I just hate going to formal high profile functions with the presence of royalties and dignitaries. Not that I get invited to such ado that often but these functions often requires you to be more meticulous in your preparation i.e. what you wear and what you give. So when we were invited to the MB’s son wedding last Saturday, we were a bit hesitant. You see, Saturday is a normal day work for me and having no maid, I had to iron our clothes, last minute. As the dressing code demands that hubby wear the traditional baju melayu, I dug out his recent raya’s beige baju melayu to press. Whilst ironing, I noticed that the baju had crinkled and shrunk and it struck me that the material, bought by mak had to be dry-cleaned instead! It was already 6pm and we had to be there before 8! Next option was his black baju melayu which was still in good condition. After 15 minutes of hard labor, hubby decided against wearing it, saying that it was inappropriate to wear black to a wedding, especially when the bride is Chinese! His next best baju melayu is purple in color and it will definitely clash with my turquoise baju kurung, also a recent raya’s outfit. (notice that we don’t make outfits especially for a function like some do). So finally, I had to concede and wear something more subdued that went along with a purple tudung, thus matching with his purple baju. Imagine, we had to iron 3 baju melayu just for that lone occasion!
Now, buying presents for the rich is always tricky!! If you buy them cheap stuffs, they can’t appreciate and your presents might end up in the dumps or in the servants’ quarters. So you end up buying less expensive presents for the less-to-do and dearer goods for the rich. Ironic isn’t it? This brings me to a cartoon strip I once saw in Mad magazine. It was depicting a newly wed couple unwrapping their wedding presents when they came upon a gift from an old aunt, a cheap tea-pot. Sniffling and giggling at the present with one hand pinching their nostrils, they threw it into the bin. The next strip showed a vagabond, whilst rummaging the dumps, chanced upon the tea-pot and found big cash in it!
Since hubby is active in several NGOs, attending the wedding was almost an obligation. Furthermore, my eldest daughter is a good friend of one of the MB’s daughters, thus the task got easier when we saw familiar faces amongst the hosts. Anticipating heavy traffic and massive jams, we decided to drive our kelisa, with plans of parking by the road-side and walking all the way. However when we arrived at the junction to the hall, the coast was clear that hubby spontaneously drove inwards towards the grand entrance. Imagine a kelisa cruising alongside the other big cars. Whilst the big motors chose to make a grand entrance into the porch and employ the valet service, we headed for the parking space straight, meekly.
Needless to say, the wedding was grand, yet not lavish as compared to some. The decorations were simple but sweet and elegant. No expensive live imported roses lining the aisle or tables. Even the guests’ tokens were not extravagant and yet still had good memento value. The guest line-up was however something else. Never before have I had the opportunity to be in the same vicinity with this great number of dignitaries! Besides the Sultan and his whole family members, there were DPM and wife, Hishamuddin and wife, Hamid Albar and wife, Rais Yatim and wife, JJ , plus several other ministers and deputies. Ex political figures like Anuar Musa and wife were also present. A surprising guest was Khalid Ibrahim and wife. Both the MBs probably came a long way before, thus, even differences in political views could not break their ties.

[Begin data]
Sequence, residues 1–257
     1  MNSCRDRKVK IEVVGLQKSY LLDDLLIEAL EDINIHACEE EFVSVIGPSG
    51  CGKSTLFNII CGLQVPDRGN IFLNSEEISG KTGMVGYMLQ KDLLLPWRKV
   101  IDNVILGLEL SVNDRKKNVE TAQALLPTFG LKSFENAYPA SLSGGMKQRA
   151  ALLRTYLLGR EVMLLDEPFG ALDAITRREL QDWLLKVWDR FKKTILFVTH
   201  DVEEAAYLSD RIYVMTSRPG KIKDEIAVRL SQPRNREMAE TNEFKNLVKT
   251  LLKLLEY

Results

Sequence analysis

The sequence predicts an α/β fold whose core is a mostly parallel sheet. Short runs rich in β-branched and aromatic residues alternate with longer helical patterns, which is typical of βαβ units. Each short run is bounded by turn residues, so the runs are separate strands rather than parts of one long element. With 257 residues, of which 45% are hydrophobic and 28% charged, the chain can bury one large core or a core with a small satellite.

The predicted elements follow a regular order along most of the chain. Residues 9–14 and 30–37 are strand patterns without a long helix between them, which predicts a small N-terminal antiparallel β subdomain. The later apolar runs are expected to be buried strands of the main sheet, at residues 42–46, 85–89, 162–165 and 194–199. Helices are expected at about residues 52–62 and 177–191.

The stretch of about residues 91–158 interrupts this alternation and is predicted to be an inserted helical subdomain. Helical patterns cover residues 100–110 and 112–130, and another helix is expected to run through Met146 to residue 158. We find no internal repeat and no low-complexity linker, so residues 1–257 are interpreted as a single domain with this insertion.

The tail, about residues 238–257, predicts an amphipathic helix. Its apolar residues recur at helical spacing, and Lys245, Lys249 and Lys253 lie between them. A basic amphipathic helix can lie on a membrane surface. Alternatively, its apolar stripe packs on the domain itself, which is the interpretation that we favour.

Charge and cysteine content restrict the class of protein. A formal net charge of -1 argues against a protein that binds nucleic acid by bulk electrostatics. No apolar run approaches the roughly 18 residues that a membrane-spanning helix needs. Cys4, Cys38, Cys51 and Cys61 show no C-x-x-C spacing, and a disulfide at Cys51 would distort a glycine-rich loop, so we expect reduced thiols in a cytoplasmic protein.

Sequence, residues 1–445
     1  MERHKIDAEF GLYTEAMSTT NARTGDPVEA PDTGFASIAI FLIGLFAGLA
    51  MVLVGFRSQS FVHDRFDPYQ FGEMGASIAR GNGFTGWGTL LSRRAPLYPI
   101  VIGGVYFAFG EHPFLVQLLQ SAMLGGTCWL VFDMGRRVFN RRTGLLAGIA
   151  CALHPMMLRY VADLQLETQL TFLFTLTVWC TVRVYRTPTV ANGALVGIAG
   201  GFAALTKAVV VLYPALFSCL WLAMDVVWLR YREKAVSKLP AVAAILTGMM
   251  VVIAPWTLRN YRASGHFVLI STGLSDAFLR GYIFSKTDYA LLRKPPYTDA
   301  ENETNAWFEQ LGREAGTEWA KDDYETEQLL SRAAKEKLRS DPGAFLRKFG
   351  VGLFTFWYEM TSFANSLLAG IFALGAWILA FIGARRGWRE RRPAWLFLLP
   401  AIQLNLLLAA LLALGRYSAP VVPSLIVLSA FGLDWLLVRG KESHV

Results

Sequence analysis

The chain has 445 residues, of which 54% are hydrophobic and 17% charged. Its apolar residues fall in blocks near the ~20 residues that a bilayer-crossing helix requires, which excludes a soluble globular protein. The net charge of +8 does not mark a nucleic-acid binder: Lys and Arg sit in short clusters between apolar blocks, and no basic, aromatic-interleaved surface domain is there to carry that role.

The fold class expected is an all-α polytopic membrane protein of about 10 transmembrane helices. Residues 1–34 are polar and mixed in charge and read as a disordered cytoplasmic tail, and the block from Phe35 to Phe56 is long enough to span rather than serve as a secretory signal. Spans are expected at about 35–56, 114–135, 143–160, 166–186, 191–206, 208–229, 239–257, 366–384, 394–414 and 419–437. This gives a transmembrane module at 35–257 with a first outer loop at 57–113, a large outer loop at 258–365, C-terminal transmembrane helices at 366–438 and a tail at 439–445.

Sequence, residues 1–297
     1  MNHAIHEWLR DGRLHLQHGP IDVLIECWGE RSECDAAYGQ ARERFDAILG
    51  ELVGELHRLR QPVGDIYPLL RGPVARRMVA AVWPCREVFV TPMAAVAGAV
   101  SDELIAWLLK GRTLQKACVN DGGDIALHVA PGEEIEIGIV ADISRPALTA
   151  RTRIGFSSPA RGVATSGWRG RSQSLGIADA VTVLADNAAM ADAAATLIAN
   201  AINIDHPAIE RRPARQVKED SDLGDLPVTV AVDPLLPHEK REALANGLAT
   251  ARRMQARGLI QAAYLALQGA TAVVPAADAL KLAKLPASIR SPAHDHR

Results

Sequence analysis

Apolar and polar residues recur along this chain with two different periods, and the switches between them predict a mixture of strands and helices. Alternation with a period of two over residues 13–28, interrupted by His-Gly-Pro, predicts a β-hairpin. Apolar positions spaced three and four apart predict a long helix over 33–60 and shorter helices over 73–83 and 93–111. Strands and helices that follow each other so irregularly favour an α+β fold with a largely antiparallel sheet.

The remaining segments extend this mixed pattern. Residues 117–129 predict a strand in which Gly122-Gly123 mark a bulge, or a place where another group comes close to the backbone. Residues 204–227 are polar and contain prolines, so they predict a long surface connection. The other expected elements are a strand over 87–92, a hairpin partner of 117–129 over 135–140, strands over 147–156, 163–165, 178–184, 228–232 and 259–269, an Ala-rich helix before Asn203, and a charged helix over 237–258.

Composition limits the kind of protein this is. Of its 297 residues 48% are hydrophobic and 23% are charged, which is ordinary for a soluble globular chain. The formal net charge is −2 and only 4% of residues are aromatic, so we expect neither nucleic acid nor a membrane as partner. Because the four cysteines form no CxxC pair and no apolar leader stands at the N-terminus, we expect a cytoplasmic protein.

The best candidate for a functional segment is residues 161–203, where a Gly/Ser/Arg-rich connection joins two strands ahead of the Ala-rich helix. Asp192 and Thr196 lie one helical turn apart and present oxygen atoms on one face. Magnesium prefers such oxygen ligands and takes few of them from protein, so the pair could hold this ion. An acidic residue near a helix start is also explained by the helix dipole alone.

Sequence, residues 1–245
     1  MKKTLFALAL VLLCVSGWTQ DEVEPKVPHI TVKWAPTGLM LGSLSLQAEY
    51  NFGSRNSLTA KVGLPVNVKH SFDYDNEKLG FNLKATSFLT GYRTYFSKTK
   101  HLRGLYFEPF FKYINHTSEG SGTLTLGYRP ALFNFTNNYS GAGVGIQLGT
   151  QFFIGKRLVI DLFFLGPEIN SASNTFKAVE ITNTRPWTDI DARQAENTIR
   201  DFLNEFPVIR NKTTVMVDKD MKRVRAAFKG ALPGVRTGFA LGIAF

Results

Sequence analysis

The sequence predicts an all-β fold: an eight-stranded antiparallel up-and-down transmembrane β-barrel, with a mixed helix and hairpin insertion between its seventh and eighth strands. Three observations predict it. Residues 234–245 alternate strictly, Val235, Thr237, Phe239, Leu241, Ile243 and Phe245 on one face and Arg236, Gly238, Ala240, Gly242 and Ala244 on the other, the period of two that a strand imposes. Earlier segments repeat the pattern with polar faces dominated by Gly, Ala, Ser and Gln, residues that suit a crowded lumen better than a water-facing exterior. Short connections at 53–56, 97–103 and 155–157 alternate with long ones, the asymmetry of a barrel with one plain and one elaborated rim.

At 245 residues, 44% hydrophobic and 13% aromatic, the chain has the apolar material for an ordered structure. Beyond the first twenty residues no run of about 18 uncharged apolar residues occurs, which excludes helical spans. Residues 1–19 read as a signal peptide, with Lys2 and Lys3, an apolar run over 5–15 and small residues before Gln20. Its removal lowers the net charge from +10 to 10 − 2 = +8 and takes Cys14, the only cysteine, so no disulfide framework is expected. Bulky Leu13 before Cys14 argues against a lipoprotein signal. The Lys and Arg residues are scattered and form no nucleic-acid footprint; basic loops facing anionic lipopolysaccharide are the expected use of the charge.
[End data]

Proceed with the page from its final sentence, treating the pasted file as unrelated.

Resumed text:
As purported always, the wives came dressed up to the hilt. I am truly tempted to write a detailed description of some of them who appeared even weirder in person but the idea of being sent to Kemunting, refrained me. Suffice to say that whatever they donned must be expensive and probably are worn only once. I have no inkling to what they do to these clothes after the occasion. They are probably sold as second hands but for some with disproportioned figures (read: short/rotund), their clothes, I guess, will end up like our poor Trajet after the accident, which was claimed as total loss and sold in bits and pieces as spare parts!
For the first time I was able to see Siti Nurhaliza and the infamous Datuk K, close-up. Siti actually has a petite figure and looked so demure. Seeing her sitting next to Datuk K, I can’t help feeling sorry for her with all the gossips that shroud her mysterious marriage. Undoubtedly she is a good songstress. When she belted out several numbers during the reception, one can’t help praising her voice.
We both thought that the MB had given a good rousing speech. In fact he choked and had to pause several times, controlling his emotions. He welcomed his new daughter in law and her family into the family and hoped for better inter-racial ties. Most importantly, he advised them to be responsible for each other and for his son to guide his newly converted wife.
Congratulations to the MB and his family. For sure, their family tree will look similar to ours now. Colorful!